|November 24, 2020||Posted by Melinda under Uncategorized|
I have this thing where I don’t realize I’m not OK until I get the thing back that was making everything OK that I didn’t realize was making it OK.
My not-OK-ness usually manifests by me collapsing on the couch in the evenings, too apathetic to do anything important to me. Mind you, I don’t realize at the time that I’m not OK. I usually just feel like a failure for not being able to make myself do the things that last week I had no problem doing. Dinner becomes a chore, rather than an enjoyable family process. I can’t find the ambition to write despite having a bazillion notes on good topics. Exercising and taking showers become are insurmountable challenges. Reading a book or staying focused on anything is impossible.
Things look pretty normal from the outside because I’m still doing all the things you would expect a functional adult to do. I go to work where I am personable and energetic. The bills are paid and the pantry is stocked. My emails and messages get answered. I can usually dredge up the energy to complete my big projects and commitments.
But it’s all a lie.
I just didn’t realize it until I’m okay again.
Does that make sense?
This week I got child care back after Fig’s day care was closed for two weeks (no actual covid exposure, just an abundance of caution, which I 100% supported).
Was it coincidence that today, after weeks of feeling like a shadow of myself, I rode my bike outside in the daylight hours after getting off work? AND then took Fig for a walk. AND then made a coconut ride with tempered pineapple dessert. AND then realized I could sit down and write a blog post too?
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Tonight I realized something. Today is the second day that day care is open since the latest closure.
Today is the second day that Fig didn’t have to go to *clinics with me and I didn’t have to split my concentration between her and my work.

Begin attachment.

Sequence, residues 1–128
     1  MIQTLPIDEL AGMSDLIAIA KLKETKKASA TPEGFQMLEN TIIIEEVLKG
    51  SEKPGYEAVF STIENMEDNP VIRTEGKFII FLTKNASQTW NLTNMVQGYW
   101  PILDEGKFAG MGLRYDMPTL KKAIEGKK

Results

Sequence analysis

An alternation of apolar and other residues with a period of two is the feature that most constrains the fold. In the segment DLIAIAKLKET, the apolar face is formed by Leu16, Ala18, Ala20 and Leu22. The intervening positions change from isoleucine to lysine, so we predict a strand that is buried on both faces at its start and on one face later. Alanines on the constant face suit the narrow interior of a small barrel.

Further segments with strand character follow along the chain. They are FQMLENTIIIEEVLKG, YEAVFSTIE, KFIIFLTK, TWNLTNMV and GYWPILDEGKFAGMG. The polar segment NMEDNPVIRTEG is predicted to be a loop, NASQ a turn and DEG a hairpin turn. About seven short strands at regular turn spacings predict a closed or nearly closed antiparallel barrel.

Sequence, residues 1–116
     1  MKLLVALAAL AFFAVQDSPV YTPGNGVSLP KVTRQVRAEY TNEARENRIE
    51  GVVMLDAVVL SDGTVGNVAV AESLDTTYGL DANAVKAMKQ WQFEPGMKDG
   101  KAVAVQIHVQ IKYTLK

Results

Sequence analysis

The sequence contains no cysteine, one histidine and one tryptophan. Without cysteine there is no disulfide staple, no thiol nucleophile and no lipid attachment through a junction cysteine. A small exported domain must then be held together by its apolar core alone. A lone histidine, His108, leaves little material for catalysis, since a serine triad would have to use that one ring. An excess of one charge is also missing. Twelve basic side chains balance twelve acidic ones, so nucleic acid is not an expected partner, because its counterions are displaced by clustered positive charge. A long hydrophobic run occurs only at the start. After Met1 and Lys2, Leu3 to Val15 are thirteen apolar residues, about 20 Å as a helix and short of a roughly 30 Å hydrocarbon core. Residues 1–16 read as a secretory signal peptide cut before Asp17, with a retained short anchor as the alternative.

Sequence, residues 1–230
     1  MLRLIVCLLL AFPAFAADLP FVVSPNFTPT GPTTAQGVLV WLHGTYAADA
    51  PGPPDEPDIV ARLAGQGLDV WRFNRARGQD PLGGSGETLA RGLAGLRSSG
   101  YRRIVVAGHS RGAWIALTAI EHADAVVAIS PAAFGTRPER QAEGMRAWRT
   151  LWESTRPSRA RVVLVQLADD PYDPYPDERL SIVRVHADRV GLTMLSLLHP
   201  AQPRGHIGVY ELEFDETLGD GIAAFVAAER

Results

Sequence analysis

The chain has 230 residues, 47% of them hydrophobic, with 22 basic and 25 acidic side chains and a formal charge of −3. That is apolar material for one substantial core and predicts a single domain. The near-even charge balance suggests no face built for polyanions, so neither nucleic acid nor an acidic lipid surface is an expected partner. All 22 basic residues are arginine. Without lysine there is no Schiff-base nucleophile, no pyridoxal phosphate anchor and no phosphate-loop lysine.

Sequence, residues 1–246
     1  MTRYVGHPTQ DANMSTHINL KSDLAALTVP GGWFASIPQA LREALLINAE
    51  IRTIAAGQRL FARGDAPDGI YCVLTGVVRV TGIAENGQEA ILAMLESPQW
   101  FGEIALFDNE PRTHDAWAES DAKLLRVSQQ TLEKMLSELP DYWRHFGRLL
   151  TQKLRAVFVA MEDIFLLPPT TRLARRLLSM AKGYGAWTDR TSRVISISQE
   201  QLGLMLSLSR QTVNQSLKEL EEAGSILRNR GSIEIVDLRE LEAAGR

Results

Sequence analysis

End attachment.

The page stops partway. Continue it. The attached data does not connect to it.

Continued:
*No, I’m absolutely not teaching her how to work an anesthesia machine, dump things on my pack sterilely, take post surgery temps, or cleaning up my instruments post surgery. She is also not earning token awards towards toy purchases by unpacking syringes for me….nope nope nope. That’s my story and I’m sticking to it.
Day care. The thing that makes everything else doable and manageable right now.
In retrospect I can see the unraveling that was occurring a week into no child care if I look at the activity app on my phone. It’s a small thing, but look at my activity rings.
Look. The rings don’t matter. But it’s interesting how they closely mirrored a larger problem that was happening. It’s like showering. Not showering isn’t the problem. It is what it means when I stop caring enough to take a shower.
It’s funny how the body doesn’t lie, even though the brain might be doing it’s very best to hide the ugly truth. Whether I realized it consciously or not, the stress of one more thing was causing cracks. Closing my rings isn’t really a big deal and usually occurs without me trying. Except suddenly I couldn’t do it and I didn’t know what happened. I just felt was failing at things that were important to me and I thought it was my fault for falling short.
Except it wasn’t.
Fig is a good kid, but 8-9 hours of surgery together is a long day for both of us.
I believe all of us are to the edge this year.. Maybe it isn’t childcare. Maybe it’s an elderly relative that isn’t doing well, or a difference in politics that has your once rock-steady relationship on the rocks. I’m here to tell you….it’s not just you. It’s all of us. Even when it looks okay from the outside, we are all just one thing away from an unraveling.
But guess what? It’s going to be okay.
It turns out I’m not broken, it was an external circumstance that was temporary. Chances are it’s going to happen again, but maybe I’ll be able to be proactive next time. I can’t put a new roof on my life right now, but next time maybe I’ll see the storm coming and put the buckets out to catch the water coming through the leaks, instead of just throwing towels on the whole disaster and hoping it stops before the sheet rock gets wet.
I can breathe again. And bike. And run. And write. And maybe even read a book until I fall asleep tonight.
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A small digression.
Fig has two working parents, both with professional jobs who have a lot of stressors in 2020, but none quite so insidious as the periodic lack of working hours child care.